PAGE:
Young-stand thinning (aka pre-commercial thinning or PCT) is a silvicultural practice that entails removing the individual trees that are declining in a forest―often they are smaller and have less robust crowns―and are less than 20 years old.
At this hands-on workshop at Morningstar Farm, local and regional experts will introduce forest owners to simple, do-it-yourself strategies for thinning their forests, mitigating slash and creating value-added products.
The drier and hotter years ahead don’t have to spell trouble for the forests you steward. From recognizing and responding to drought stress in trees to planting tree species from other regions, there are steps you can take to mitigate the impacts of climate change in your forest.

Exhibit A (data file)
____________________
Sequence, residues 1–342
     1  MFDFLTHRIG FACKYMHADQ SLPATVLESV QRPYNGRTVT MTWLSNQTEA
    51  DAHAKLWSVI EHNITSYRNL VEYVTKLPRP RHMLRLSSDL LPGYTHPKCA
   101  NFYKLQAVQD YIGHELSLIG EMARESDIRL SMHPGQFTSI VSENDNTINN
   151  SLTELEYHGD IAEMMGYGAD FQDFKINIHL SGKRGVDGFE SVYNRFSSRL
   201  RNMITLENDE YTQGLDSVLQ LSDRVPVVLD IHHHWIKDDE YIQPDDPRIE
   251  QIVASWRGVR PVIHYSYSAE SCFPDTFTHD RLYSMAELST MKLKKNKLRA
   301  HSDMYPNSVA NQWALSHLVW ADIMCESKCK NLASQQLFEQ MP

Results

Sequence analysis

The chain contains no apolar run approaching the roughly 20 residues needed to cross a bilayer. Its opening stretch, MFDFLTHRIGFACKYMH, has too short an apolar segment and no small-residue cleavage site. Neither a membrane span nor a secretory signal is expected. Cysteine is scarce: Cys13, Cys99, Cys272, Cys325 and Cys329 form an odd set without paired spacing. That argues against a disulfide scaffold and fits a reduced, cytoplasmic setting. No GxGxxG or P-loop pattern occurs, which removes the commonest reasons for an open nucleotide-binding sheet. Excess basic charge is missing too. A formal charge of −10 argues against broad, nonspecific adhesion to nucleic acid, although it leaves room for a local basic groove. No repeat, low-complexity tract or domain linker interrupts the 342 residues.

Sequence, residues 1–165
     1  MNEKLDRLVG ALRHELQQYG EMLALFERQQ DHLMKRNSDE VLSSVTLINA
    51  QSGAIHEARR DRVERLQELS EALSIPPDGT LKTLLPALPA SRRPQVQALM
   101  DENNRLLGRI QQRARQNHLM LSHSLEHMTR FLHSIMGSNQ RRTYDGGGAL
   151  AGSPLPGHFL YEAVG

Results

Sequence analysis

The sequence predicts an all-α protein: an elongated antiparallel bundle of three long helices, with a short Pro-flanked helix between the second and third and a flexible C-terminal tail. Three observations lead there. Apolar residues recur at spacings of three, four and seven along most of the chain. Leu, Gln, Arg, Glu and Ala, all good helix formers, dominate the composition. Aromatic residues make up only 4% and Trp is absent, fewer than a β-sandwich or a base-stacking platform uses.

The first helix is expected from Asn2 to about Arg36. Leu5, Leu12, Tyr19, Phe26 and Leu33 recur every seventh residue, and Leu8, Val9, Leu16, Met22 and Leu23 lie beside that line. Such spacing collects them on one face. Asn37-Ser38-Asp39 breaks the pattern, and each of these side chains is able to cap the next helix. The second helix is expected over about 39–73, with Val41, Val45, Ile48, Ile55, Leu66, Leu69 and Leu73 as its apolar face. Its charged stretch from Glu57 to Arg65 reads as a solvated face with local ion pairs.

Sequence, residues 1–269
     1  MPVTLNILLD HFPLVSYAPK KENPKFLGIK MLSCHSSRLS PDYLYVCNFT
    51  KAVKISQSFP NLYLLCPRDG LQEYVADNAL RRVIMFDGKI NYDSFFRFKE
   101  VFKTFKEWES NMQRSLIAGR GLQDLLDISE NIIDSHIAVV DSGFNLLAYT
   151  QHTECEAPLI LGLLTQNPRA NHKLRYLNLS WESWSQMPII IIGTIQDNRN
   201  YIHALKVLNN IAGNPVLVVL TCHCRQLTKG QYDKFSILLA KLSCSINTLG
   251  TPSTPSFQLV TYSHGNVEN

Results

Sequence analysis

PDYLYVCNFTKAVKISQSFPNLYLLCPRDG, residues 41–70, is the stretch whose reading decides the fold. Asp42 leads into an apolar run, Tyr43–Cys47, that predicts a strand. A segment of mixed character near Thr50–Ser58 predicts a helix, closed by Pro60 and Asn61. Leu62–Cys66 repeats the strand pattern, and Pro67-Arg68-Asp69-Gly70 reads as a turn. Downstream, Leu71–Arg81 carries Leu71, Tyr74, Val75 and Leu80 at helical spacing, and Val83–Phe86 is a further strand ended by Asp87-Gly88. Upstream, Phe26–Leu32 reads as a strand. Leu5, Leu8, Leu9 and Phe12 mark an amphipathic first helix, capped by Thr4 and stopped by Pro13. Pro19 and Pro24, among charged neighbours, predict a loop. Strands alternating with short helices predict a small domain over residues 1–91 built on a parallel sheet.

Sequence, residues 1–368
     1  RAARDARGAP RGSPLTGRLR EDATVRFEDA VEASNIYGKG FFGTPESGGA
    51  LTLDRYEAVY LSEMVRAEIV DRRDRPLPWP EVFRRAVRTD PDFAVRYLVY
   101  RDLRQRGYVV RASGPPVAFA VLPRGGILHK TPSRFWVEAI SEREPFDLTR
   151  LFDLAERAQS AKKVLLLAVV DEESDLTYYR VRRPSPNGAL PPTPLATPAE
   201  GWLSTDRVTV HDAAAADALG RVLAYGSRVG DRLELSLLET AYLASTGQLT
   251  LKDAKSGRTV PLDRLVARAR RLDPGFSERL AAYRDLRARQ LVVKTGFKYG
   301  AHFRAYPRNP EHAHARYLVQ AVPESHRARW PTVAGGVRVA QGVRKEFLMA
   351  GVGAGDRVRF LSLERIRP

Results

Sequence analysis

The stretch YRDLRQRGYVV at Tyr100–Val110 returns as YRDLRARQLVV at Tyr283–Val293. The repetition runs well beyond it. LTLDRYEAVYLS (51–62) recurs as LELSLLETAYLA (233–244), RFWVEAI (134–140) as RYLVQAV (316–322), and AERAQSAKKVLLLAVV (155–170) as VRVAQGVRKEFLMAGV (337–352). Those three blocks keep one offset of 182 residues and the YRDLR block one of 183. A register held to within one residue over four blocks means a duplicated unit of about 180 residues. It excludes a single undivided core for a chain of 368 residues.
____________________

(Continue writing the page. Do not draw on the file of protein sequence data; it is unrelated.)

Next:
Ben Deumling and his family steward Zena Forest, a member of NNRG’s group FSC® certificate. The largest contiguous block of forest in the Eola Hills of the Willamette Valley, Zena Forest has not been immune to the impacts of climate change. Facing large-scale Douglas-fir die-off, Ben describes below how he and his family are experimenting with planting less-traditional tree species—ones more tolerant to a warming climate.
You know better than anyone what kind of management work you’ve done in your forest, and what sorts of financial and ecological results its produced. Your closest forest-owning neighbor might have taken a different approach but ended up with similar results.
The Skokomish Indian Tribe has earned Forest Stewardship Council® certification for its 2,100-acre forest at the south end of Hood Canal, making it the first tribe in Washington state to gain that endorsement.The Skokomish Tribe join three other Indian tribes in the United States in maintaining FSC® certification: the Coquille Tribe in Oregon, the Hoopa Valley Tribal Council in California, and the Menominee in Wisconsin.